The digs inside the Xtreme Machine showroom.
With the economy still in the skids and unemployment rates continuing to rise, the mantra "Buy American" has never had more prevalence. Our industry is significant in the fact that for the most part it's supported by American companies that, rather than shipping production overseas, they design, machine, fabricate, and assemble their products right in their own backyards.
In a time when it seems like every day we hear of another company making the ultimate sacrifice and closing its doors, it's refreshing and inspiring to hear of a company like Xtreme Machine finding its way through this mess, and celebrating a milestone such as a 10-year anniversary. We caught up with Xtreme Machine's Rick Rolson and Rod Brogdon to get a little insight on the history and background on the wheel company.
Rod working feverishly to come up with yet another new wheel design.
HB: How did the idea to start up a motorcycle wheel company come about?
Rick: The Rodem brothers, Robert Lee and Jeff, owned a machine shop in Jacksonville, Illinois, that had been in the family since 1919. After Robert read an article on the father and son who started Titan motorcycle, he thought that we could get into the motorcycle industry too, especially since we already had the machinery and personnel in place. Our original plan was to produce parts for sprint cars and decorative bolt-on parts for motorcycles. We found out real quick we didn't want to be in the sprint car business. We also found out the decorative parts being produced for the most part were being sold real cheap and a lot of times they were produced overseas. After a visit from Rod Brogdon, a friend and native from Jacksonville, we had a new idea. Rod was currently employed in Kentucky and in the motorcycle industry. We thought if we could convince him to join our forces, we could make an immediate impact in the motorcycle industry with wheels. Rod decided to join us, and the rest is history.
HB: Who was on the ground floor of the company when it started? How many employees did you have and how many are still with you?
Rick:It was myself, Jeff, Robert Lee, and Donna Carmody. There were 15 of us, and there still are 15 of us.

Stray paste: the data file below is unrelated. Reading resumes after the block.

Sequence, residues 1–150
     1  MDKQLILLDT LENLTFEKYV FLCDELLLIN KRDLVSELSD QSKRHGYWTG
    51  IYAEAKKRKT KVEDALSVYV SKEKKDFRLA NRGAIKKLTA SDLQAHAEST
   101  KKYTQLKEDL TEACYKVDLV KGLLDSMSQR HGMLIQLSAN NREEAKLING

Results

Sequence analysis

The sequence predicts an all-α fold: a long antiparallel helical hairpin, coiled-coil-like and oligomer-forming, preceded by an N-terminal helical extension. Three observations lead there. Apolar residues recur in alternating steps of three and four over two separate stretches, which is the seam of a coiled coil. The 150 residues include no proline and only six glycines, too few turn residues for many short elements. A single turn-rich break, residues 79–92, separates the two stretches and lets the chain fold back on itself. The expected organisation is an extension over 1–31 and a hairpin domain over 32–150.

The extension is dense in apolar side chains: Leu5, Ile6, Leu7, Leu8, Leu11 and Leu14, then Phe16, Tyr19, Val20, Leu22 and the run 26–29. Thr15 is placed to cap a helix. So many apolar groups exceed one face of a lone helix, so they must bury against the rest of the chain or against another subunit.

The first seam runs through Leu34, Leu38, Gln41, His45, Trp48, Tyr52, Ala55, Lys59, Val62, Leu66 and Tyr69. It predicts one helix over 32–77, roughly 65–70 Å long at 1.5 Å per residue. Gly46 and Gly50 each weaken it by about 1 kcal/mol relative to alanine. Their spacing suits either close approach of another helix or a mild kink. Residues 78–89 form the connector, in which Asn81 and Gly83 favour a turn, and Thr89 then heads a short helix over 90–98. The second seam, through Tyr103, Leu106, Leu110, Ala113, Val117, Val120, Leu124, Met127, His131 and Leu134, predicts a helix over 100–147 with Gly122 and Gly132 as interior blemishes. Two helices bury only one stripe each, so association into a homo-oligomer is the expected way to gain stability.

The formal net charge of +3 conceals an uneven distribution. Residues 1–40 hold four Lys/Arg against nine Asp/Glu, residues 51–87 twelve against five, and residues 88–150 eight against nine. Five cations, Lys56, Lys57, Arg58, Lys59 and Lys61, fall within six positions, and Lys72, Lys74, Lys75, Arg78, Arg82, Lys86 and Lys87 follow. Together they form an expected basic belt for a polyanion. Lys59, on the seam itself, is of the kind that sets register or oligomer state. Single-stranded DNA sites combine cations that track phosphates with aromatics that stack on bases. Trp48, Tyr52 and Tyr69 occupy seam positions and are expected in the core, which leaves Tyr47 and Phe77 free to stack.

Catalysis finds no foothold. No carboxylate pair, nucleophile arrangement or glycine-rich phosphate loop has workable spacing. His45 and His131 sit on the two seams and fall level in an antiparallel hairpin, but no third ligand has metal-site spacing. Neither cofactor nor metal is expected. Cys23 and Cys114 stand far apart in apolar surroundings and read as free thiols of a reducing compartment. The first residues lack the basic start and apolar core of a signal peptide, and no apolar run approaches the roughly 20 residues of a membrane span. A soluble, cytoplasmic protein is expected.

One side of the shop for machining wheels and the other side for assembly.
HB: Who came up with the name? How was it chosen? Were there any other name considerations?
Rick:I came up with the name. I don't really remember any other name considerations.
HB: What was the first piece of equipment that was purchased for the company?
Rick: Well since there was already the machine shop, we pretty much had what we needed to cut the wheels, so we just needed a polishing machine.
HB: What was the first wheel design you guys came out with? And who designed it?
Rick: Rod deigned our first wheel, which we called Mystic. It's sort of a tribal design with some points and curves with ball-milled accents.
...and the other side for assembly.
HB: Is everything done in-house?
Rod: Yeah, we do everything except the chrome and powdercoat. The chrome is done out of state and the powdercoat is done here in town.
HB: And you guys produce wheels for Harleys, Victory, and some metric bikes. How many wheels would you say you produce a year?
Rod: We probably do around 2,500 wheels a year.
HB: What's the process for creating a new wheel design/style?
Rick: I'm not really sure there's a process. We normally start designing and something just develops. It might be what we had intended, but a lot of times it's not. It usually ends up better.
HB: How many designs and styles do you offer?
Rick: We have more than 50 designs and eight finish options.
HB: What's the most popular wheel design?
Rod: I used to know off the top of my head. Back a few years ago, around 2007, it was the Reaper and the Shredder. Now we've got so many designs, it's kind of spread out.